Wednesday, June 12, 2013

Vegetable Quinoa Salad with Fava Beans

Life is a little crazy at the moment. A lot of the time recently, I've had to close my eyes and center myself by taking some deep breaths in the middle of all of the craziness. Exciting changes are on the horizon, but there are many things right now in the moment that are just taking up lots of my time. And sanity. I'm going through a bit of a transition in my life. I'm feeling stretched. And a bit like I'm being molded into something (and someone) new. And it's a good thing, really. Although that doesn't mean that I'm not stressed about it. I realize I'm being pretty vague here. I have a way with writing how I'm feeling all while leaving some ambiguity. Please bear with me.

Besides those deep breaths I've been taking to calm myself, I've also been doing what I love to do the most, and that is creating in my kitchen. It is there where I'm completely at ease, my knife gliding through vegetables, my pots on the stove simmering as delectable aromas fill the air. Working with fresh produce energizes me and relaxes me at the same time. I love it. And what gets me even more excited is trying new things, like these amazing local fava beans.
This was my first time working with fava beans, and they did not disappoint. I love using fresh beans straight from the pod. I find it fun (although time consuming) to shell the beans by hand. To prepare fresh fava beans, first you remove the beans from the pod. Then, you boil the beans for about two to three minutes. Strain the beans and run them under cold water to cool them down. Then, you remove the skins from each bean and you're left with bright green, creamy delicious fava beans!

And this salad? Oh yes, this is a good one. An easy one, too. It's perfect to whip up when you're pressed for time and want a healthy meal.  I made a giant bowl of it for two people and it was gone soon after, but it also stores well to eat for leftovers for lunch throughout the week. The ingredients are really straightforward, too. Many of them will be popping up in vegetable gardens really soon. I added some zatar to give it even more of a flavor kick, but it would still be really tasty without it. Serve it over salad greens or just as is. I would imagine some crumbled goat cheese or feta would make it even more delicious.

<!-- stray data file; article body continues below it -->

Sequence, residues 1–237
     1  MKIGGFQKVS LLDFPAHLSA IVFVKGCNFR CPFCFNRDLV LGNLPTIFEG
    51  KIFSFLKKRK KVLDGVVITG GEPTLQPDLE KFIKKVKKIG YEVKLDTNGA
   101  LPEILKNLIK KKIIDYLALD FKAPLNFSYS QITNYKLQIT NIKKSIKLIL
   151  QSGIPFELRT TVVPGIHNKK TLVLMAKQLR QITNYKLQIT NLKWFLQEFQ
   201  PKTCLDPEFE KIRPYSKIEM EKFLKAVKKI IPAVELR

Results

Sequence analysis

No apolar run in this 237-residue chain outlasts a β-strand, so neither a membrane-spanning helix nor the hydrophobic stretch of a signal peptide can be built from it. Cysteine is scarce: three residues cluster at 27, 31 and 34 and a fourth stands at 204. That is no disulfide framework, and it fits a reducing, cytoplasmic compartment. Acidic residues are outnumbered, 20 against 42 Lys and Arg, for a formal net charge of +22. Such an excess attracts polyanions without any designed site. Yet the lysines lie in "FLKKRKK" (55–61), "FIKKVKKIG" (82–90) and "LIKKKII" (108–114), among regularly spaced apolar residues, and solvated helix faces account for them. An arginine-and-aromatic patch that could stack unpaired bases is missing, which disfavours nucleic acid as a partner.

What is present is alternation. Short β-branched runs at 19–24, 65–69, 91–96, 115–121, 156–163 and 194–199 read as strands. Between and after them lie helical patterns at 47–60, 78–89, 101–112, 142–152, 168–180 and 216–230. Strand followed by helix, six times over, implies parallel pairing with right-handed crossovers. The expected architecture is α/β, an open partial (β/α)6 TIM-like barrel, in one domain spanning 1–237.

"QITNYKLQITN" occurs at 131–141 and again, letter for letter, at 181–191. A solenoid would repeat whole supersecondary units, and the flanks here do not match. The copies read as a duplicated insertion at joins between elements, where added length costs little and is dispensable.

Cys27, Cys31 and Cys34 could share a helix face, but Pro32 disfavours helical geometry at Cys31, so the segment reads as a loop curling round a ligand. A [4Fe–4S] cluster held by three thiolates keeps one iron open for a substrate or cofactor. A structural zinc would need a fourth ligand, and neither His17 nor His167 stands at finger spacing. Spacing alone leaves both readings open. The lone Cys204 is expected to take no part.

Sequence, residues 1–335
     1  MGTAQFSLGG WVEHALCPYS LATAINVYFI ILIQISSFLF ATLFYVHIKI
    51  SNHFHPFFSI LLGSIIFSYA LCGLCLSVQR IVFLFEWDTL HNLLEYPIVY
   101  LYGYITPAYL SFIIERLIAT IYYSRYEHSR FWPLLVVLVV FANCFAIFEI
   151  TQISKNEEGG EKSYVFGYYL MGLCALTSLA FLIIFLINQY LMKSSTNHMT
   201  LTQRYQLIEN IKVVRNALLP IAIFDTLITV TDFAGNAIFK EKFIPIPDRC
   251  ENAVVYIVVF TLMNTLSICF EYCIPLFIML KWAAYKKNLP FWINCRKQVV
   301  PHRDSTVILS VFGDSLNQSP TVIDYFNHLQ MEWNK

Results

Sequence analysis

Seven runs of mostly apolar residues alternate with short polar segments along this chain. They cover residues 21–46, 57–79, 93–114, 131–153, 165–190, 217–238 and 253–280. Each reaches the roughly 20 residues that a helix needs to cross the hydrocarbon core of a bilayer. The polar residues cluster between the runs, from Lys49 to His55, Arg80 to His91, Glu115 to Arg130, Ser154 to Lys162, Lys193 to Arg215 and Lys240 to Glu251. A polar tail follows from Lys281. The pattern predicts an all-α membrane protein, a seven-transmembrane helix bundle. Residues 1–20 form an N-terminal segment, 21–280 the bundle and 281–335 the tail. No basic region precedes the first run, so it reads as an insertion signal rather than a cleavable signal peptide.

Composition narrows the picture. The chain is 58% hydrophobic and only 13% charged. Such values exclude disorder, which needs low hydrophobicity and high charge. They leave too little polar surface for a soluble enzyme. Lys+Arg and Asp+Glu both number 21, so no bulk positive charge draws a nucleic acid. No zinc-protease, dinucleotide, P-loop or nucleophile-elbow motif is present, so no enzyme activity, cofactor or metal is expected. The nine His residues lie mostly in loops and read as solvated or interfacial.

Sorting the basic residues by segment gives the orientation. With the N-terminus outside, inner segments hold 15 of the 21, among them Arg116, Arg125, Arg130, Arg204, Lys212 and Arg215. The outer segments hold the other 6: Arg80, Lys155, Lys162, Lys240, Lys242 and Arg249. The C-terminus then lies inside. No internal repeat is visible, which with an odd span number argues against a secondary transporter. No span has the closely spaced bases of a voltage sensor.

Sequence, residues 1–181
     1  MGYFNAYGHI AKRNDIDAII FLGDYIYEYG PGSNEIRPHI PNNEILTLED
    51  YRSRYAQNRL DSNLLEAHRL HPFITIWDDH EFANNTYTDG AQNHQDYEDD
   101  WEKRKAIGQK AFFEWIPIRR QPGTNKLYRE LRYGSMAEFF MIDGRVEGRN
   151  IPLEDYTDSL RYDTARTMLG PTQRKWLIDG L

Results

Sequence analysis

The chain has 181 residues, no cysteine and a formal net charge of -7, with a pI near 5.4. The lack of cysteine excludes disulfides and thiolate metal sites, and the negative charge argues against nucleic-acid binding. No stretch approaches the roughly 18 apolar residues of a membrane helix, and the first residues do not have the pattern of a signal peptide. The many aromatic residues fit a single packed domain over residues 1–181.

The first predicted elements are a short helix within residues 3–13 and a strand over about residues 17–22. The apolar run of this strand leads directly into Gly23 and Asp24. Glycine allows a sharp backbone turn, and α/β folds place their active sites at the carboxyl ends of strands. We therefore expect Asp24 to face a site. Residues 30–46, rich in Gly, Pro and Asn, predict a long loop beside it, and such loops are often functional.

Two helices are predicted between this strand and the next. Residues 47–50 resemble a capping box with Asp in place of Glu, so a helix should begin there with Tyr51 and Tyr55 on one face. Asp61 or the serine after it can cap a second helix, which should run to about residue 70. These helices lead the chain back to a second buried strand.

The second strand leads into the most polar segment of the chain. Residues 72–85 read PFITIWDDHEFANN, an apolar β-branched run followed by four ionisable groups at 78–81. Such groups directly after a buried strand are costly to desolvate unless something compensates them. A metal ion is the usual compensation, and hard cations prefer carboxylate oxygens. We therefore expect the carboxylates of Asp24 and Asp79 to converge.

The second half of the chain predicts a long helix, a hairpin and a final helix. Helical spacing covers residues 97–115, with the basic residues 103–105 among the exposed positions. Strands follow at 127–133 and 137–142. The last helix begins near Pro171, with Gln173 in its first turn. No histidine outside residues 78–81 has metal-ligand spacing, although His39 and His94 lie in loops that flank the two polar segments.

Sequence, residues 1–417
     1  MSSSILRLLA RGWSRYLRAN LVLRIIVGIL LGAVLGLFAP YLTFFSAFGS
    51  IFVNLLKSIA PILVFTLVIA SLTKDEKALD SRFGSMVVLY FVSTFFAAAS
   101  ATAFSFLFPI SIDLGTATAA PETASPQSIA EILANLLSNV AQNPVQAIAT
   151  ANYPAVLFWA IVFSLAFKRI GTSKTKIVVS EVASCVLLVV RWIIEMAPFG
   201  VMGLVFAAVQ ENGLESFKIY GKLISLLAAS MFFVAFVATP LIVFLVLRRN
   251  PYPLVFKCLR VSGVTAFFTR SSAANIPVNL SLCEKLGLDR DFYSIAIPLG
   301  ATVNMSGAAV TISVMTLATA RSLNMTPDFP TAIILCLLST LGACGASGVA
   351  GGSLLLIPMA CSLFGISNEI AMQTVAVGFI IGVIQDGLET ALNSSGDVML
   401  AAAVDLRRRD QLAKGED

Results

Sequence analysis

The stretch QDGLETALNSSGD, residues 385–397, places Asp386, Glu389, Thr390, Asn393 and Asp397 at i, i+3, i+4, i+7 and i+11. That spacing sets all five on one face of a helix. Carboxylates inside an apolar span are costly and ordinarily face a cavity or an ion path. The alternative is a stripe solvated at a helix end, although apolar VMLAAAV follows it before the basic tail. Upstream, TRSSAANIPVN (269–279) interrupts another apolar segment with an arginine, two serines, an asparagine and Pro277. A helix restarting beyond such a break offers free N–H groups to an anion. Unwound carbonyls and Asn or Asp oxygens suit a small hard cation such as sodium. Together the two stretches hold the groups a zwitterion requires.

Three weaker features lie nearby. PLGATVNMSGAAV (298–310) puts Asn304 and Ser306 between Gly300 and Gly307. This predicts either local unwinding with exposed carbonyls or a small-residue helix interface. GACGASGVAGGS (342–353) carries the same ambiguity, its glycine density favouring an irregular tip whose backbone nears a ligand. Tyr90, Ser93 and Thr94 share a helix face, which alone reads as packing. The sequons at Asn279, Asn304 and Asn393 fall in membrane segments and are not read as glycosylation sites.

Vegetable Quinoa Salad with Fava Beans

For the dressing:
1/4 cup extra virgin olive oil
juice and zest of one large lemon (preferably organic)
one teaspoon sea salt
1 tablespoon maple syrup or honey

For the Salad:
2 cups cooked and cooled quinoa
1 red bell pepper, diced
3 small tomatoes, diced
1 red onion, very finely diced
1 medium cucumber, diced (leave skin on)
2 scallions, sliced
2-4 cloves of fresh garlic, finely minced
1 cup of cooked, shelled fava beans (see instructions above)
one bunch of fresh parsley, roughly chopped (you could also use fresh dill, cilantro, or basil or a combination of all of them if you like)
8 leaves of fresh mint, finely chopped
2 tablespoons zatar spice blend (optional, but recommended)
Feta cheese or goat cheese (optional)

1. In a small bowl, wisk together the dressing ingredients. Set aside.

2. In a very large bowl, combine the salad ingredients. Add the dressing and toss gently just to combine everything. Top with feta or goat cheese, if desired.

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Sunday, June 9, 2013

Vanilla Maple Rhubarb and Blueberry Compote

I've never used rhubarb for much except desserts paired with strawberries. You know, the classic strawberry rhubarb crisp or pie. But when I stumbled upon some cheap organic blueberries recently, my mind began dreaming of a compote. With tart rhubarb, sweet blueberries, and lots of vanilla bean. And with the crazy abundance of rhubarb available everywhere around here, you bet I got straight to work.
Rhubarb is a plant with very large poisonous leaves and that's why only the stems are sold. The rhubarb leaves are incredibly high in oxalic acid, so high that they are indeed inedible and will cause you harm if you do ingest. Rhubarb stems themselves are quite tart (okay, like crazy sour) and that makes it excellent paired with sweet fruit. Rhubarb is very high in vitamin K and C. The stems can range in color from green to pink to deep red and this color variation does not affect taste at all.
This compote comes together in no time. I had some organic vegan coconut ice cream on hand that you see pictured here and it was amazing. I also topped my bowl of oatmeal the following morning with it plus some extra blueberries and it really made my breakfast special. I'd imagine that the compote would be delicious over some whole grain waffles or pancakes, as well.
Vanilla Maple Rhubarb and Blueberry Compote

4 large stalks of rhubarb, cut into 1 inch pieces
1 tbs coconut oil
4-6 tablespoons of pure maple syrup, depending on how sweet you like it
1 vanilla bean, split down the center to expose the vanilla flecks
1 cup of blueberries

1. In a large pot or deep frying pan, melt the coconut oil over medium heat. Add the rhubarb, maple syrup, and vanilla bean and stir to coat the rhubarb in oil and maple. Stir periodically to keep from sticking for about 10-15 minutes, or until the rhubarb breaks down and becomes silky and tender.

2. Add the blueberries and let simmer for about 5 minutes, stirring occasionally to prevent sticking. Taste and add more maple syrup if desired. Remove the vanilla bean. Transfer the compote to a bowl and serve over ice cream, oatmeal, pancakes, waffles, or whatever your heart desires!

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